Wednesday, 27 May 2009

The RSC - Value for money?

I don't usually advertise for chemical societies, but in these recessionary times I thought the following might be of interest to some readers.

RSC members have:
  • free access to Wiley, Elsevier, and Springer chemistry journals
  • free access to 913 chemistry e-books from a variety of sources
  • 20% off Pearson Education Books, 30% off Wiley, 35% off Blackwell
  • and most importantly, £5 off Pizza Express Club membership
Sure, chemistry societies organise conferences, enable networking, provide travel grants, and lobby politicians; but any society that doesn't look after its most vulnerable members by providing discounted pizza is not a society I want to be a member of.

Thursday, 21 May 2009

Have your hamburger and eat it - Edit molecules in PDFs II

In Part I, I showed how to hack some code together that allowed you to paste images directly from the clipboard (e.g. from a PDF) into Beda's BKChem, a 2D drawing program. The magic conversion from image to chemical was done by Igor's OSRA.

Well, Igor has taken this idea and run with it. The latest version of OSRA now includes plugins for BKChem, Symyx Draw, MolSketch and Pipeline Pilot.

If you use the Windows installer, the Symyx Draw plugin is automatically installed and adds an "Import Structures from OSRA" option to the File menu. The first time you choose it, you will need to change the path to something like "C:\Program Files\osra\osra.exe" under "Settings...". Here's the plugin in action:
Note that the other plugins appear to be only available from the Windows .zip release.

Saturday, 16 May 2009

How do enzyme mechanisms evolve?

Evolution is a fascinating topic. Although the principal mechanism by which evolution occurs is quite simple to understand, namely the introduction of changes (mutations) into the DNA, the consequences that follow are enormous.

The term selective pressure is used to describe an imaginary operator that affects the incidence of particular mutations in a population. What makes evolution difficult for me to get my head around is that selection operates on many levels. In a population, a particular physical characteristic might be more advantageous (think of the famous finches) or more attractive. In your DNA, a particular mutation might preserve the amino acid coded for, or it may change to another amino acid that does not affect the protein's function. On the other hand, if the amino acid is involved in the catalytic action of the protein it's going to be conserved, right? But then how do new mechanisms evolve?

My former postdoc supervisor, Dr. John Mitchell, is currently advertising a PhD position on "Modelling the Evolution of Enzyme Catalysis" at the University of St. Andrews. I'm particularly interested in this project as it builds on earlier work I carried out in the Mitchell Group along with Gemma Holliday and Daniel Almonacid. Here's an excerpt from the project description:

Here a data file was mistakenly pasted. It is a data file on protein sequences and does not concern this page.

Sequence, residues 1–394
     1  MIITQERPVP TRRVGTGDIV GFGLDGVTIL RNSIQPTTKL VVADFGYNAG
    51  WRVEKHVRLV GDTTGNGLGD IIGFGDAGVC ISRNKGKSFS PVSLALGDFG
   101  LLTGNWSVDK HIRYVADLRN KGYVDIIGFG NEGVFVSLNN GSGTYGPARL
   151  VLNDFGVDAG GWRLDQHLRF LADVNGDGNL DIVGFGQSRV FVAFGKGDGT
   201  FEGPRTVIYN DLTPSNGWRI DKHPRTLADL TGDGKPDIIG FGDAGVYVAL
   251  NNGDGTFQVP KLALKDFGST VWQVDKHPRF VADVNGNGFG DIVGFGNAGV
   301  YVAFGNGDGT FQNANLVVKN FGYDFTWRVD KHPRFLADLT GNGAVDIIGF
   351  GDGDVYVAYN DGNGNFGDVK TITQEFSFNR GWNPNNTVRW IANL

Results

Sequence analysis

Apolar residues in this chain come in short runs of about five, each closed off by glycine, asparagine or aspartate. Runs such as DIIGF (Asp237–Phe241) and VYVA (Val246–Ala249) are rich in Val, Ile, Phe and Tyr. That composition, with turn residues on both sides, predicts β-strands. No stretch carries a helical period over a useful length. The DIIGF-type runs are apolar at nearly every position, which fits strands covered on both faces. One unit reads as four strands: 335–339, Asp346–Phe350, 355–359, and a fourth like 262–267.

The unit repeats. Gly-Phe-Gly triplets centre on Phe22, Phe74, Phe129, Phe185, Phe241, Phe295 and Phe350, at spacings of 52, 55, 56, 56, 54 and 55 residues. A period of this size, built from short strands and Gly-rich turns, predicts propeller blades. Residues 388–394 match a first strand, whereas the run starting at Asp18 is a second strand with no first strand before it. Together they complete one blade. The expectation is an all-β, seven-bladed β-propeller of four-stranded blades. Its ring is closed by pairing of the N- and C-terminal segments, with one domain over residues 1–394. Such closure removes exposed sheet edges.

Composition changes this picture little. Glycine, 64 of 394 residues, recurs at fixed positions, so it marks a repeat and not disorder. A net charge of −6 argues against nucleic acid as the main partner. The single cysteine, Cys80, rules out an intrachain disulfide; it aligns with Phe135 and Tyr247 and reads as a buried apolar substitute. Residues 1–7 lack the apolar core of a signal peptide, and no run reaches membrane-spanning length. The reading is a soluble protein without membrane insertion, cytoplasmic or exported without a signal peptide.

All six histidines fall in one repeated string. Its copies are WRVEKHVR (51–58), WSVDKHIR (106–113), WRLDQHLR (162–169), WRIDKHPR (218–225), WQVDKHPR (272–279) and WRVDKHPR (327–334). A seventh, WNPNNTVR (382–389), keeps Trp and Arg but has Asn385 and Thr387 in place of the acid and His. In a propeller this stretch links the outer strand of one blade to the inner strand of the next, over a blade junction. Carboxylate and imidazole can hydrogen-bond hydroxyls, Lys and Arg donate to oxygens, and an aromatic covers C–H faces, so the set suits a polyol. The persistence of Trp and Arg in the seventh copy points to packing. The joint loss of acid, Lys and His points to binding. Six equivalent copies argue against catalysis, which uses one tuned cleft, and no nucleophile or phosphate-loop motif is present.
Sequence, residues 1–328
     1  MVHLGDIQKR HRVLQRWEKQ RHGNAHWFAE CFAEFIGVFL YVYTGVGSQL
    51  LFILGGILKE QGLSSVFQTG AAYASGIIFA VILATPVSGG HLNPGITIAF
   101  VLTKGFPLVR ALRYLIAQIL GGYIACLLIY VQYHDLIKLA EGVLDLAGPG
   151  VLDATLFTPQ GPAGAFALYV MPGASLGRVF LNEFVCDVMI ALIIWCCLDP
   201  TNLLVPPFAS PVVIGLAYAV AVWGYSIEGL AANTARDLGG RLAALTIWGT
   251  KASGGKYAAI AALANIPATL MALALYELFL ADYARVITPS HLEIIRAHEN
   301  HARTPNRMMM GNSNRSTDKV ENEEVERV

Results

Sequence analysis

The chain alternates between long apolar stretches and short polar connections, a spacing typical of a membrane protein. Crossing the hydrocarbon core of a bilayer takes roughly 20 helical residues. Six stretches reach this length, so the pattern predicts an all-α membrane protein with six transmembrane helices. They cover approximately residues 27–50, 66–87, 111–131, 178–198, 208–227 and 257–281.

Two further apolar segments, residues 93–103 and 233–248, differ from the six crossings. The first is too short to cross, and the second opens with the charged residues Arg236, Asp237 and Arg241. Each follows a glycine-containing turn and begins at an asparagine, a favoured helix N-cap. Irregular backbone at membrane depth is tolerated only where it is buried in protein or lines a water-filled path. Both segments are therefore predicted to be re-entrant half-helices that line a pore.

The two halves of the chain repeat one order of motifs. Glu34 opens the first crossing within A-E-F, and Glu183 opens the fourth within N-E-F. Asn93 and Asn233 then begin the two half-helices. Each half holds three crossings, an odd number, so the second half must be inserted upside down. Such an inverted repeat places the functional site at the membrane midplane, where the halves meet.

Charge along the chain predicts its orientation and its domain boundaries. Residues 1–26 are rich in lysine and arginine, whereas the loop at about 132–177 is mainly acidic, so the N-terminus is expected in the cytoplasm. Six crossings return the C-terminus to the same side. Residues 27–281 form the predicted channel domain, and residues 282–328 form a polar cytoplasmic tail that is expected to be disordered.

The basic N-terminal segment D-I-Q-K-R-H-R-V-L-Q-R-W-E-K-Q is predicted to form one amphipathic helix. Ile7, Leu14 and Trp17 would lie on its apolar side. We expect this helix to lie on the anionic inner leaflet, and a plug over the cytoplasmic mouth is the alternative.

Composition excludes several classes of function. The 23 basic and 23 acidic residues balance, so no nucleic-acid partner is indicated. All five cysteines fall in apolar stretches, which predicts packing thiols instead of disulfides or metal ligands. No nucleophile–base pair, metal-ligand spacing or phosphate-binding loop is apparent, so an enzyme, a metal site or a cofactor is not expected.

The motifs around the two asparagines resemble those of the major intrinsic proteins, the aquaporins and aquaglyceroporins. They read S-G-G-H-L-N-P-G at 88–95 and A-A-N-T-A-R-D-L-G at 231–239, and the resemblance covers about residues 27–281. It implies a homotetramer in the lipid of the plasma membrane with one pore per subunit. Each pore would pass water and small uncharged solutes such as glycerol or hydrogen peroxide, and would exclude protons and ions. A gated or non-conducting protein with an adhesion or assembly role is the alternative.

We will create a simulation using a population of model enzyme-catalysed reactions, mimicking a state early in evolutionary history, and allow them to evolve in EC space. The reactions will consist of steps and be represented, in a manner familiar from genetic algorithms, by "chromosomes" describing the chemical properties of each step. Parameters will control the likelihood of different kinds of evolutionary event, such as a change of substrate with the same underlying chemical mechanism, taking place. The simulations will be calibrated, and then compared with the results from a study of real-world convergent and divergent evolution.
Cool. Closing date 31 July.

Image credit: Colin Purrington

Tuesday, 5 May 2009

Manipulating PDFs with Open Source Tools - Part II

Part I

There are a couple of journals that have rather generous margins around the text. I prefer to print out two pages per sheet to avoid wasting paper, so it would be nice to be able to remove those margins and increase the size of the text instead.

pdfcrop by Heiko Oberdiek allows you to do just that. It's included with Debian Linux, and "sudo apt-get install texlive-pdfetex" will install it. On other (lesser) Linux distributions you may have to check CPAN or CTAN. Once installed, a straightforward "pdfcrop withmargin.pdf nomargin.pdf" will do the conversion.

Update: A reader points out that Tex Live 2008 includes pdfcrop and is available for both Windows and Linux.

Note that pdfcrop should not be confused with PDFCrop. There's also a patch of pdfcrop called pdfcrop2, but I think that covers the current crop.

And spare a thought for Fermat.

Image credit: B.G. Johnson

ChemPad - Protecting you from chemical structure software

A colleague has just pointed me to ChemPad, an interesting piece of software that allows chemists to draw chemical diagrams directly into a computer on a Tablet PC. It was designed as a tool to enable undergraduate chemists to quickly enter chemical structures and generate 3D diagrams with which they could gain a deeper understanding of structures. Hash and wedge bonds are understood and are converted faithfully to 3D, for example.

From the point of view of teaching chemistry undergraduates, such software may be preferable to ChemDraw and friends as it allows them to develop the skill of drawing diagrams by hand. Of course, not everyone has a tablet PC but one could imagine similar software for the iPhone or just a regular PC driven by a mouse.

ChemPad is free but not open source, and Windows only. The ChemPad website has tutorials and videos of the software in use.